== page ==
From a veteran hiring manager’s perspective, I’ve found that the weakest part of most job search processes is the deplorable state of follow-up. You can go from the perfect candidate to the bottom of the list before you even know it!
It’s so much more than thank you notes! (By the way, why aren’t you sending yours?) Thank you notes and follow-up communications are NOT optional; they are required.
Great follow-up can put you ahead of other candidates:
- It shows persistence; you’re demonstrating a skill that may be needed in the job itself.
- You can expand, reinforce, or clarify something discussed in the interview. It prevents the hiring manager or recruiter from forgetting about you.
- Your follow-up reinforces that you want the job.
- Good manners are always valued.
And the downsides of NOT following up are:
- Some hiring managers will dismiss out of hand an applicant who does not send a post-interview thank you note, saying it indicates poor follow-through and a lack of interest in the position.
- Other candidates will follow up, so you lose an opportunity to compete for that job.
Here’s what world-class follow-up looks like:
- Send a note within 24 hours while it’s still fresh in your mind—and the company’s.
- Address a note to each individual person you met with.
- Spell everyone’s name correctly, including the company’s.
When you are ready to send your thank your note, follow this simple outline:
- First – always – thank them for the opportunity to meet and for taking time out of their day to do so.
- Next, note why you think you are the right candidate for the role. No more than 3 reasons. Bullet points are optimal here. This is an opportunity to elaborate on why you are a great fit, in writing, beyond your initial cover letter and interview.
- Close with these 3 points:
1. Express your interest;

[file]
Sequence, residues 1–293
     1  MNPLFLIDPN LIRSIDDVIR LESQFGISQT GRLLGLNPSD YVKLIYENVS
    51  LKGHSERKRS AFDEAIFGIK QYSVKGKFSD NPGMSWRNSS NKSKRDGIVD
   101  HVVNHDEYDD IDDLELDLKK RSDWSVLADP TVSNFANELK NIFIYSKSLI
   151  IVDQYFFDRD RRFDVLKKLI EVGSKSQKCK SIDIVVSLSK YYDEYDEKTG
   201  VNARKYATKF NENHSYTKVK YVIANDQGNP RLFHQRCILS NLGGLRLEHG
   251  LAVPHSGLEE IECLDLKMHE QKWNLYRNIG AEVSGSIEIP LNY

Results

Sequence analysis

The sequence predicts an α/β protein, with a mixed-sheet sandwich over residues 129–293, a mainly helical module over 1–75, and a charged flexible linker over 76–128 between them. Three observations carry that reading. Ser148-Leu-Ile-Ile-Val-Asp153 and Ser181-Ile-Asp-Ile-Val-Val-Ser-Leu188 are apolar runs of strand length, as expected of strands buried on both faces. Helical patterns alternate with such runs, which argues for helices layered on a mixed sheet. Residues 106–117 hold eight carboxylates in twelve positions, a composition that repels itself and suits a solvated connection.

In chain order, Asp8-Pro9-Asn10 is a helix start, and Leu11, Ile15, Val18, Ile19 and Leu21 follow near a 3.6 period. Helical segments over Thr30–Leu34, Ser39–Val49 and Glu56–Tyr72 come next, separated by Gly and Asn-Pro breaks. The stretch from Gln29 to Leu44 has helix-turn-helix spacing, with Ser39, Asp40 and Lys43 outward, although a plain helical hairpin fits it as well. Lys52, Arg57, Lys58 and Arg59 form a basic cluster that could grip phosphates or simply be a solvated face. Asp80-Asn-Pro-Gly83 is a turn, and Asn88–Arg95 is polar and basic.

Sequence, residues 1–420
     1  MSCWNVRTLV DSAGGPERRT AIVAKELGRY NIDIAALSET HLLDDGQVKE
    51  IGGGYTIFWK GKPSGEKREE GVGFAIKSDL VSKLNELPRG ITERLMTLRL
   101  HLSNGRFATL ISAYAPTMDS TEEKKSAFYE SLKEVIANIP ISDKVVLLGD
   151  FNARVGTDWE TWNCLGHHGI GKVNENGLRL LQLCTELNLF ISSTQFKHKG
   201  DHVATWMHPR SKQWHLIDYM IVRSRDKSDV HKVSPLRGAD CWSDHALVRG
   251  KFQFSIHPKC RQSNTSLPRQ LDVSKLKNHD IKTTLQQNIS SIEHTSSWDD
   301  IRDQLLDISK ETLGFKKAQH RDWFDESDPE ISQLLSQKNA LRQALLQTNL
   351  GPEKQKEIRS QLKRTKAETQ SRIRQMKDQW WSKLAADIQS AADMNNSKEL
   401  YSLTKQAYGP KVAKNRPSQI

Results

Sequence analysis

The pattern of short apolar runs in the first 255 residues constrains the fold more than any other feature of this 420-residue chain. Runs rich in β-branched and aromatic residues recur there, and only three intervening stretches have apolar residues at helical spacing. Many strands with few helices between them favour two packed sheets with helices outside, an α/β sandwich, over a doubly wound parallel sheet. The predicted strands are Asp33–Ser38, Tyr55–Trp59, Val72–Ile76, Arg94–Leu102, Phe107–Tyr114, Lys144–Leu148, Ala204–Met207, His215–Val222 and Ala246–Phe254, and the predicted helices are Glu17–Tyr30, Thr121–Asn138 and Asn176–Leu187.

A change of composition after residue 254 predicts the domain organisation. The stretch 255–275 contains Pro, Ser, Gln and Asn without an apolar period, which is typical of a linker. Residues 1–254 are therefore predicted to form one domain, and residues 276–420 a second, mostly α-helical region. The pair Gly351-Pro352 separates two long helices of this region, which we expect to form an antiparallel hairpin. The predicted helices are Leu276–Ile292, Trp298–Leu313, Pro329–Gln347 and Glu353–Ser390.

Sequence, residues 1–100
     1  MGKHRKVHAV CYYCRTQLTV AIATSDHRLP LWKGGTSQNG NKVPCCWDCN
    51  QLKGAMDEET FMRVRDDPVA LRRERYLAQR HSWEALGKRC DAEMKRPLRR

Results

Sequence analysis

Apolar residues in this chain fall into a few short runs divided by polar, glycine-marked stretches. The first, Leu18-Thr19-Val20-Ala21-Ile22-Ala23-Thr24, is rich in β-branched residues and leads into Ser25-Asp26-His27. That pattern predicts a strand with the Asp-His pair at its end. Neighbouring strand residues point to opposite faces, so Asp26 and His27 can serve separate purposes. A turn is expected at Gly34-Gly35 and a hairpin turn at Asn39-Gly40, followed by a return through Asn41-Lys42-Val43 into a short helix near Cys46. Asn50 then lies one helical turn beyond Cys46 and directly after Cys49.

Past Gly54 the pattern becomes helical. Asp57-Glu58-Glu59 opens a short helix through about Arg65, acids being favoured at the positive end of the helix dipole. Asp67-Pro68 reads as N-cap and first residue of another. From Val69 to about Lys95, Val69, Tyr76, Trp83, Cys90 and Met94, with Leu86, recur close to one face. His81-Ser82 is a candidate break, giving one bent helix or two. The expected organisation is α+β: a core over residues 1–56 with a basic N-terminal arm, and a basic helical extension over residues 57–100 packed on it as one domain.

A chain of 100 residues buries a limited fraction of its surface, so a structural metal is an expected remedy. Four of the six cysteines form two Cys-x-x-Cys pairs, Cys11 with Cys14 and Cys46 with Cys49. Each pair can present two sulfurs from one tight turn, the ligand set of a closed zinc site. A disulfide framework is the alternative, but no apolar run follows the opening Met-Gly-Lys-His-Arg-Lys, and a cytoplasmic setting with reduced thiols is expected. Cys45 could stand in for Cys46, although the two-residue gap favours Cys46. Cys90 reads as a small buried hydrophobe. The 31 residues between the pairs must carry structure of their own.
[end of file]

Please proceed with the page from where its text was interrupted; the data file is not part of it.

2. Commit to following up with them again within a specified time frame; and
3. Thank them, again, for their time and consideration.
Send a second follow-up note no more than 5 working days after the first one, following this structure:
- Begin with a pleasantry, followed by a sentence explaining where you left off during your last communication. “You had indicated to me that you’d be making your final decision during the week of (date), and I just wanted to follow up to see where you are in that decision.”
- Include something of value in your follow-up instead of being perceived as nagging. Perhaps you just completed some training, closed a big deal, or finished a major project. If you are volunteering or taking outside courses while unemployed, talk about that.
- Close with the next follow-up you will initiate. Don’t ask them to call you back. Instead, let them know that “I’ll follow up again within a few days, but in case you need to reach me, here is the best contact number: XXX-XXX-XXXX.”
Watch for Post-Job Interview Follow-Up: From Deplorable to Dynamite (Part 2 of 2), where I share some additional tricks and ways to deal with common mistakes and excuses as they relate to Job Interview follow-up. I want to help you stand out and win that job! Feel free to comment below with any additional challenges you face!
Let me give you a hand; I’m ready to help!